disclosures: McDermott reports that he has received research funding from ArtAssist, Chromadex, Helixmith, Hershey, Mars, Regeneron and ReserveAge. Another author reports that he receives personal fees from an Actigraph scientific advisory board. The other authors report no relevant financial disclosures. Beckman reports consulting for Amgen, Bayer, JanOne and Janssen; received research funding from Bristol Myers Squibb; and member of a data security oversight committee for Janssen.
Walking at a pace that caused ischemic leg pain in patients with lower extremity peripheral artery disease improved 12 months of walking speed and Short Physical Performance Battery score versus a pace that did not cause pain, findings show.
The post hoc analysis of the Low Intensity Exercise Intervention in PAD (LITE) randomized trial was published in the Journal of the American Heart Association.
“For patients with lower limb PAD, walking for exercise in or around the home can significantly improve gait speed and measures of mobility and balance, as long as the walking exercise is performed at a pace that induces ischemic leg symptoms of the PAD,” Mary M. McDermott, MDJeremiah Stamler professor of medicine in the division of general internal medicine and geriatric medicine and preventive medicine at Northwestern University Feinberg School of Medicine told Healio. “In contrast, walking for exercise in or around the house at a pace that doesn’t cause these leg symptoms is not effective for people with PAD.
Mary M. McDermott
“Barriers are made up of discomfort associated with walking exercises,” McDermott told Healio. “However, it can be helpful for patients to understand that the leg discomfort or pain they experience during walking exercises is beneficial – it results in meaningful benefits. We also encourage people to walk with a friend or ‘buddy’ or to music or listening to a book on tape to reduce the pain they experience while walking.”
The LITE trial
For the LITE study, researchers compared a low-intensity home-based exercise intervention with a high-intensity home-based exercise intervention to improve walking ability at 12 months in 305 patients with PAD. Controls assigned to no exercise were also compared.
As Healio previously reported, the results of the LITE study, previously presented at the 2020 American Heart Association Scientific Sessions, were published in JAMA, indicated that patients assigned to low-intensity walking exercises showed less improvement in the 6-minute walk test compared to those assigned to high-intensity walking exercises. In addition, researchers reported no difference in change in 6-minute walking distance between patients assigned to low-intensity walking compared to controls not assigned to exercise at all.
For this post-hoc analysis of the LITE study, researchers evaluated the effects of the intensive walking intervention that produced ischemic leg symptoms compared to low-intensity walking that did not cause ischemic leg symptoms at home, as well as a control group assigned to no exercise. The outcomes of interest were change in walking speed over 4 m and change in Short Physical Performance Battery (SPPB; scale from 0 to 12, with 12 being the best) at 6 and 12 months follow-up.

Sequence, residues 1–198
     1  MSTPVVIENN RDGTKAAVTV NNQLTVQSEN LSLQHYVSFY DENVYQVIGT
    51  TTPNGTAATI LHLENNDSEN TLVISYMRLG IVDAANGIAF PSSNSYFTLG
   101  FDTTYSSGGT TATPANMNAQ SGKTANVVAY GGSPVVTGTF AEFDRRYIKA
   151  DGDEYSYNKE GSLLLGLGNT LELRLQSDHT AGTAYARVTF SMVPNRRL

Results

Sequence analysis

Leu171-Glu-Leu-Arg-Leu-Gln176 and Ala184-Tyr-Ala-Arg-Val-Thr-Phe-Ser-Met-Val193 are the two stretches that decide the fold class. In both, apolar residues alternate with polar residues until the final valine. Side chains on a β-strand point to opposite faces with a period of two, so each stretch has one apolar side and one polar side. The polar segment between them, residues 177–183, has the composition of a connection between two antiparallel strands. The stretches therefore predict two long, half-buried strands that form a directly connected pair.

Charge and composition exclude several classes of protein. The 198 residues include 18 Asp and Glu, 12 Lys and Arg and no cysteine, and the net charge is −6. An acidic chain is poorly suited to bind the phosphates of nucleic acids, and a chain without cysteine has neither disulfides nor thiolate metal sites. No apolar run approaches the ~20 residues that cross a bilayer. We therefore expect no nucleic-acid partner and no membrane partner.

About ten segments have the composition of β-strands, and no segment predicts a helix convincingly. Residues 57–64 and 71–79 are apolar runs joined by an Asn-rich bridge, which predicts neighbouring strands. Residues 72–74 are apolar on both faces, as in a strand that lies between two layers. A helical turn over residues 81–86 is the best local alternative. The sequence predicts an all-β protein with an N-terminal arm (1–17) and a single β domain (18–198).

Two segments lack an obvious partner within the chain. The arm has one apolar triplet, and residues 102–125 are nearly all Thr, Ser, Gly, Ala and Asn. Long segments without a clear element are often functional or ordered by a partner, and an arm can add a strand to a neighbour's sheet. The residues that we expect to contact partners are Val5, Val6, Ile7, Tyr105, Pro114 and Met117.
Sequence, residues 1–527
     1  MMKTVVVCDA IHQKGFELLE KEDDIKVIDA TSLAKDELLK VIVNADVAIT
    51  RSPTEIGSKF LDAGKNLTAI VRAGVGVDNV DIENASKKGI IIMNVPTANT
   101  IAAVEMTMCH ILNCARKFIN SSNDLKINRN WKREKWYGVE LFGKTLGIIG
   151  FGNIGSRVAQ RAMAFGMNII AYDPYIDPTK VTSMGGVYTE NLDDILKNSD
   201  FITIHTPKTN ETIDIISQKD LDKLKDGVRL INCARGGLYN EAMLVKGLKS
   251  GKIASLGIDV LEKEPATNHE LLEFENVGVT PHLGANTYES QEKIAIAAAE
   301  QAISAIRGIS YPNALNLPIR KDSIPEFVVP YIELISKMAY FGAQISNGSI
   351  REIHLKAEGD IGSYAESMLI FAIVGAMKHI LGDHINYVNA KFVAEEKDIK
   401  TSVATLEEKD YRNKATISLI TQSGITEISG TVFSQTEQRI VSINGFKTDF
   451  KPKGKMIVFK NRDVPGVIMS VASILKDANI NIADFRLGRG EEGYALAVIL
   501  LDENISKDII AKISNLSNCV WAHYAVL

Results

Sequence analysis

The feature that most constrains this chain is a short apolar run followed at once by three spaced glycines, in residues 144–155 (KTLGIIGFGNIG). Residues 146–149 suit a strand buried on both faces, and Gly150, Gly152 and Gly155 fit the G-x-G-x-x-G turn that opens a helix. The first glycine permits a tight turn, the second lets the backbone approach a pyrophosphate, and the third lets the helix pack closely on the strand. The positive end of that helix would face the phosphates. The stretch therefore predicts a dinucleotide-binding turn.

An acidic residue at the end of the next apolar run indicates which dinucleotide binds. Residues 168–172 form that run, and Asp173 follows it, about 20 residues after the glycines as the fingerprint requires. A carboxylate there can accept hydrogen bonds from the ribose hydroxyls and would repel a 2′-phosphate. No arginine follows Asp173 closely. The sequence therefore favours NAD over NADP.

The SPPB is an objective assessment tool developed by the NIH National Institute on Aging for evaluating lower limb function in older adults.
Researchers reported that ischemic leg pain inducing gait improved the change in usual walking speed over 4 m at 6 months (mean change, 0.056 m/second; 95% CI, 0.019-0.094; p < 0.01) and 12 months of follow-up (mean change, 0.084 m/second; 95% CI, 0.049-0.12; p < .01) compared to walking intensity that did not cause leg pain.
The findings were similar when patients were evaluated for change in rapid gait speed over 4 m at 6 months of follow-up (p = .03).
The benefits of walking with ischemic leg pain compared to walking without pain on SPPB became significant at 12 months follow-up (mean change 0.821; 95% CI 0.309-1.334; p < .01). The effect was not significant at any time point in patients participating in pain-inducing leg exercises compared to controls.
“As people improve, they can usually walk a longer distance before experiencing these leg symptoms,” McDermott told Healio. “During the study, we encouraged them to walk at a pace that produced leg symptoms within 10 minutes of starting walking, even as people improved.
“PAD is common and often underdiagnosed,” McDermott told Healio. “Patients over the age of 50 who have difficulty walking longer distances — one to two blocks — and have a history of diabetes, smoking, high cholesterol, or hypertension should talk to their doctor about whether they have PAD. can be diagnosed non-invasively with the ankle-arm index, a ratio of BP in the lower and upper extremities.
PAD . National Action Plan
In May, the AHA and 24 collaborating organizations released the PAD National Action Plan, which, according to the release, acts as a roadmap for reducing the burden of PAD.
“PAD is a lifelong medical condition, but people with PAD can live active and long lives,” Joshua Beckman, MD, director of the division of vascular medicine, professor of medicine at Vanderbilt University in Nashville, Tennessee, and AHA volunteer expert and member of the PAD National Action Plan writing group, in the release. “If you notice that walking is getting harder, keeping up with others is difficult, or you have pain when you walk, talk to a doctor and describe when it happens and what it feels like.”
For more information:
Mary M. McDermott, MDcan be reached at email@example.com.